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HB1460 at the center of McCorkle suit
Bill changed Statesboro from strong mayor to city manager government
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        It’s a case of hurry up and wait for Anthony Mann. The Statesboro citizen filed a claim June 16 against the city, arguing that the city’s charter does not give the council authority to hire and fire employees.
        Mann decided to file a complaint for declaratory judgment with the Superior Court of Bulloch County after learning that the council reinstated former city clerk Judy McCorkle June 2. He said he filed the complaint because House Bill 1460, passed by the Georgia state legislature and signed by the governor in 2000, amends the city charter. It clearly states that Statesboro has a city manager form of government and that the mayor and council do not have the authority to make personnel decisions. City manager Shane Haynes fired McCorkle in September 2008.
        “We amended our city government to be a true city manager form of city governance,” Mann said. “The city manager (manages) the city employees and they are responsible to him and (the manager) is responsible to the mayor and council who are policy makers. That’s the way a city manager form of government works because our mayor and council members are all part timers.”
Bulloch Superior Court Judge William Woodrum signed Mann’s order and set an Aug. 24 date to hear arguments.
        The City of Statesboro, the mayor and all five council members are named as defendants in the suit. They are represented by city attorney Sam Brannen and Pat O’Connor, an attorney retained by the Georgia Interlocal Risk Management Agency – the city’s insurance carrier – to represent the city. Brannen said he and the other attorneys weren’t ready to respond to Mann’s suit at this time.
     “We haven’t answered the suit. We will be answering it. We’ll file a responsive plea at the appropriate time,” Brannen said. “We’ll respond to the petition as filed, but I’m not prepared at this time to try to tell you what we’re going to use in replying to suit as it’s filed. We haven’t even filed an answer yet.”
Much like the complaint for declaratory judgment spells out the position of the plaintiff (Mann), the answer – or responsive plea – would spell out the position of the defendants (Statesboro, the mayor and council).
        At the heart of the matter is two conflicting sections of the city charter, which were added only five years apart.
        In Section 3-2 (a), the charter states: “The appointment, suspension, or removal of a city manager, any department head, the city clerk, the city engineer, city attorney, and city auditor shall be made directly by the mayor and city council, which shall establish a procedure for recruitment and review of candidates for open positions.” This section was added in 1995 and amended in 1999.
        For some like Mann, Section 3-6 (d) directly conflicts with Section 3-2. “All department heads and superintendents under the supervision of the city manager shall be appointed by the city manager. The city manager may suspend or remove any employee under his or her supervision in accordance with personnel policy or resolution.” This section was added in 2000 by House Bill 1460.
        Also, Section 8 in HB 1460 states, “All laws and parts of laws in conflict with this Act are repealed.” According to Mann’s attorney Robert Guy, that statement repeals Section 3-2 and puts the authority for hiring and firing squarely on the shoulders of the city manager.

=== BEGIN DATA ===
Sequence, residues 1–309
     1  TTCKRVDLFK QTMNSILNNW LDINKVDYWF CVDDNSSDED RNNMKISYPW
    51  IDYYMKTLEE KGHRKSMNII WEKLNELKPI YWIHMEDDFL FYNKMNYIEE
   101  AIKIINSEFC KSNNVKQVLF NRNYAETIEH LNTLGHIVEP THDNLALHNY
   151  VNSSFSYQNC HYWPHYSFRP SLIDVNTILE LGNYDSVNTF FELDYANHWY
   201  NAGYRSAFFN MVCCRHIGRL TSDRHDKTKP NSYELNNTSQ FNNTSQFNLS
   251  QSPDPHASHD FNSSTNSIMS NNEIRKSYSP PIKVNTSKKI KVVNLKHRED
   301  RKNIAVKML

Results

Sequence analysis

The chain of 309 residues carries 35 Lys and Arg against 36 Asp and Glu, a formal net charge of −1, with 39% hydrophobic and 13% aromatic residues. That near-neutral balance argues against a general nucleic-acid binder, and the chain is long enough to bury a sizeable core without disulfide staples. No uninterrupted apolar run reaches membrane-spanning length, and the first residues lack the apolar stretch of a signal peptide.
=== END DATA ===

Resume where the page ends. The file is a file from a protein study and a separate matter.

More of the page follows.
“(Section 3-2) is repealed by operation of law. Basically, the city of Statesboro through their local elected officials decided to change the way the government was managed with that 2000 amendment,” Guy said. “That charter was change to create a city manager type system, where you have a professional who runs the day-to-day business of the city and you have a council that hires and fires the city manager but, more importantly, they set the policy. The city manager then implements those policies.”
        Mayor Bill Hatcher said that, in accordance with the legal advice he has received, he feels the council still retains the authority to direct the city manager to hire and fire department heads.
        “The way I believe it is put together is that it’s done in consultation – advise and consent,” Hatcher said. “We are confident that the mayor and city council do have the authority to hire (department heads). We would not have (reinstated McCorkle) if we hadn’t thought that.”
        Councilman Will Britt believes the council overstepped its authority when reinstating McCorkle and supports the action taken by Mann. He said he hopes a hearing will determine definitively what form of government under which the city of Statesboro operates.
        “One of the very first things I said…during the Judy McCorkle’s reinstatement, is that I don’t think we should be hiring and firing. And I still believe that,” Britt said. “Apparently, a judge believes there is some merit to that argument.
        Regardless of how the situation with McCorkle pans out, Mann said he wants to clear up any confusion about who has the authority to hire and fire city personnel.
“I cannot have a city where the mayor and councilmen do not know what form of governance they have. There’s nothing to keep them from doing it again if they’re not made to understand, or to inform themselves, of what form of government runs our city,” Mann said. “I just don’t want this to happen again. I want them to run the city according to law, not just how they feel that day.”

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